New US Envoy Puts UN Allies on Notice: 'For Those That Don’t Have our Back, We’re Taking Names'

PHOTO: Ambassador Nikki Haley, the new United States Ambassador to the United Nations, talks to reporters as she arrives to the United Nations headquarters for the first time, in New York, 27 Jan. 27, 2017.PlayJustin Lane/EPA
WATCH Nikki Haley Promises 'Fresh Eyes' at UN

New U.S. ambassador Nikki Haley in her first visit to the United Nations put U.S. allies on notice: "For those that don’t have our back, we’re taking names."

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After making made the remarks to reporters at U.N. headquarters in New York, the new U.S. envoy to the international organization did not take questions about what exactly she meant, saying only, "We will make points to respond to that accordingly."

"This is a time of strength, this is a time of action, this is a time of getting things done," Haley added.

Her remarks came three days after her nomination to represent the U.S. at the United Nations was confirmed by the U.S. Senate and two days after her visit to President Donald Trump at the White House.

A senior administration official confirmed to ABC News earlier this week that the president is considering executive action that could cut U.S. funding to the United Nations as well as U.S. participation in international treaties.

"This administration is prepared and ready to go in, to have me go in, look at the U.N., and everything that’s working we’re going to make it better. Everything that’s not working, we’re going to try and fix. And anything that seems to be obsolete and not necessary, we’re going to do away with," Haley said today. "But this is a time of fresh eyes, new strength, new vision, and a great day at the US UN."

In testimony last week before the Senate Foreign Relations Committee, the former South Carolina governor outlined a forceful policy for countering Russian aggression, joining several of Trump's nominees for Cabinet posts who advocate a more confrontational approach to Russia than Trump has personally recommended.

PHOTO: South Carolina Governor Nikki Haley testifies during her confirmation hearing for US Ambassador to the United Nations before the Senate Foreign Relations committee on Capitol Hill in Washington, Jan. 18, 2017.Saul Loeb/AFP/Getty Images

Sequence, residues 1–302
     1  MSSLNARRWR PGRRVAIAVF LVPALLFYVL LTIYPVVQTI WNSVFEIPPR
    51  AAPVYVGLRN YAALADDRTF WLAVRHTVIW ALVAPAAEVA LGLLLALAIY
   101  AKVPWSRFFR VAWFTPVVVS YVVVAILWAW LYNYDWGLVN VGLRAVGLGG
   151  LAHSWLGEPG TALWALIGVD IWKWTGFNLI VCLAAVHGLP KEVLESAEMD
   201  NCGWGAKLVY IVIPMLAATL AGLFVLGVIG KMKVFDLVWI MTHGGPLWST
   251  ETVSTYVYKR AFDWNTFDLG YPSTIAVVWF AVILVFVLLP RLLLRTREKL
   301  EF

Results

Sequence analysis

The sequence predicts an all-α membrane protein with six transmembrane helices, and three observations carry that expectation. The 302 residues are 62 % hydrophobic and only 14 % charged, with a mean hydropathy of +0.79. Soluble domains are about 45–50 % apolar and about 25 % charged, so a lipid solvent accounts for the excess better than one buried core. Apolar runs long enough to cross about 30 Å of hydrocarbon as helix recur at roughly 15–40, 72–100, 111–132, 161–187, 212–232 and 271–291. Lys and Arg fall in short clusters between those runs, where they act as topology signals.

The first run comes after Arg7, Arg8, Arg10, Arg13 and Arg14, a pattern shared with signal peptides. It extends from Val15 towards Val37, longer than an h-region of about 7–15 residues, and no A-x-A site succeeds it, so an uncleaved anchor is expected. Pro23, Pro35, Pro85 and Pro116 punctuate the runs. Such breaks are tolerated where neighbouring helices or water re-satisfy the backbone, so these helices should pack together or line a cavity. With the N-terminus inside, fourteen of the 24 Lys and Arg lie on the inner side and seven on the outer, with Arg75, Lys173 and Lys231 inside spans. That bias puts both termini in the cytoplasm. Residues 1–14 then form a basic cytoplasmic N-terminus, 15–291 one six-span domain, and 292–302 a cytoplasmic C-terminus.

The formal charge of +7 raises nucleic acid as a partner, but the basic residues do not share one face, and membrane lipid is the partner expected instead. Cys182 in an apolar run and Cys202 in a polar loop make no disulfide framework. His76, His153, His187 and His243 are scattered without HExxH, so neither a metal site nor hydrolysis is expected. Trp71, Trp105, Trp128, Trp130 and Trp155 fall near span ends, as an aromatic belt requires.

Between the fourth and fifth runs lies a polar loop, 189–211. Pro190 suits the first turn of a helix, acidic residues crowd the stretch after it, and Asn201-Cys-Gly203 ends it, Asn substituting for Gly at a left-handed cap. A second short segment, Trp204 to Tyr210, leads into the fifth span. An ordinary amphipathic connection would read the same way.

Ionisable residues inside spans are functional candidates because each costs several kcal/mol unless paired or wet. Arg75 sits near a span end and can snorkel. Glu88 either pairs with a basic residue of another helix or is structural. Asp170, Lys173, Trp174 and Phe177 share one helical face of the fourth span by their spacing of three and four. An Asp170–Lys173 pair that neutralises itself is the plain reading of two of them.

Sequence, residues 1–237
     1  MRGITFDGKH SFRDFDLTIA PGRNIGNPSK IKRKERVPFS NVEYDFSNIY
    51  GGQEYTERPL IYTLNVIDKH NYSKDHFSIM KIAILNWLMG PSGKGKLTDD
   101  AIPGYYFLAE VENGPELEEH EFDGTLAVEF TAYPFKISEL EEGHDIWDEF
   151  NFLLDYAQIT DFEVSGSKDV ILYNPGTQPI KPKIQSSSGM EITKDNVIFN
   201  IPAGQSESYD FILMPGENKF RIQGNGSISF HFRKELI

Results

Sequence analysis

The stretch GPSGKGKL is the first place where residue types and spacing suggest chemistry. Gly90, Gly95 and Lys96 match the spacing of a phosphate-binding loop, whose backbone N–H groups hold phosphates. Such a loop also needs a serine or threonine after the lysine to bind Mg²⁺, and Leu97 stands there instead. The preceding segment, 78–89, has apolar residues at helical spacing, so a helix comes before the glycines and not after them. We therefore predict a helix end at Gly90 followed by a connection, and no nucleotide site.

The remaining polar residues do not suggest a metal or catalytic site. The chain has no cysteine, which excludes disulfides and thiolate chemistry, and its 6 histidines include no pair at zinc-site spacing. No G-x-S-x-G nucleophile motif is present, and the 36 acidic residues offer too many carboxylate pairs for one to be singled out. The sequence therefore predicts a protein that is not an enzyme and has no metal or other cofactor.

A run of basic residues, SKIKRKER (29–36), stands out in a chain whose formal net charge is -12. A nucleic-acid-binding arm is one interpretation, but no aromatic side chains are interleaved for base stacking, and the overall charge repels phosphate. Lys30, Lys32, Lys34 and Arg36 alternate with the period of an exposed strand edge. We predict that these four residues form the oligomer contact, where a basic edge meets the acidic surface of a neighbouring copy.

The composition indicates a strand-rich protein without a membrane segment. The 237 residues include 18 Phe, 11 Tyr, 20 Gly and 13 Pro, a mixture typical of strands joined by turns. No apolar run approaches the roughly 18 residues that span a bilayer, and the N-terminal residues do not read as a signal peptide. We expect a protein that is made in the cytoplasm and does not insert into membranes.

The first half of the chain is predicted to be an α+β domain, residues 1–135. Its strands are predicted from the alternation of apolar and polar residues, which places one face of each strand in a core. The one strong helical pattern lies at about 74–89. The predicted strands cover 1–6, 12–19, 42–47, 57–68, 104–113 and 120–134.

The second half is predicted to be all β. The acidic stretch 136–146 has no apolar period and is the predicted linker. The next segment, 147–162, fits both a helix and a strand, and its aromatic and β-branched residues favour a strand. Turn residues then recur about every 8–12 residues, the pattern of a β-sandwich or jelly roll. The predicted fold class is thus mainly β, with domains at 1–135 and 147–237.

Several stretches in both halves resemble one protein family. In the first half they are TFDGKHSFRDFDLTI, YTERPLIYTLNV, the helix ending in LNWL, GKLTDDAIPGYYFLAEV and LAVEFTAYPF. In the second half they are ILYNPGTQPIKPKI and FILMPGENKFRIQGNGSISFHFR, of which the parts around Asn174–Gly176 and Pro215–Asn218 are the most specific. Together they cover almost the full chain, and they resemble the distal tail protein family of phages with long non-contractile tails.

South Carolina Governor Nikki Haley testifies during her confirmation hearing for US Ambassador to the United Nations before the Senate Foreign Relations committee on Capitol Hill in Washington, Jan. 18, 2017.

"I don't think we can trust them," Haley said of Russian leaders. "Russia is trying to show their muscle right now, it is what they do."

She said she believes Russia committed war crimes in Syria when it allegedly bombed hospitals in Aleppo.

"We need to let them know we are not OK with what happened in Ukraine, in Crimea and what is happening in Syria, but we’re also going to tell them that we do need their help with ISIS and with some other threats that we all share," she exclaimed.

In that hearing, Haley was also asked about the U.N. Security Council resolution that called for an end to Israeli settlements. In a break with tradition, the U.S. abstained from the vote, angering many Republicans and Israelis.

Trump lashed out on Twitter, calling the United Nations a "club for people to get together, talk and have a good time." He has said the U.N. is not a friend of Israel.

Haley also blasted the U.N. for the resolution, which the Obama administration chose not to veto, and said that "nowhere has the U.N.’s failure been more consistent and more outrageous than in its bias against our close ally Israel. ... Last month’s passage of U.N. Resolution 2334 was a terrible mistake, making a peace agreement between the Israelis and the Palestinians harder to achieve.”

The Obama administration has argued that more Israeli settlements impede the chances of a two-state solution.

"Our goal, with the administration, is to show value at the U.N.," Haley said today. "And the way to show our value is to show our strength, show our voice, have the backs of our allies, and make sure that our allies have our back as well."

ABC News' Justin Fishel contributed to this report.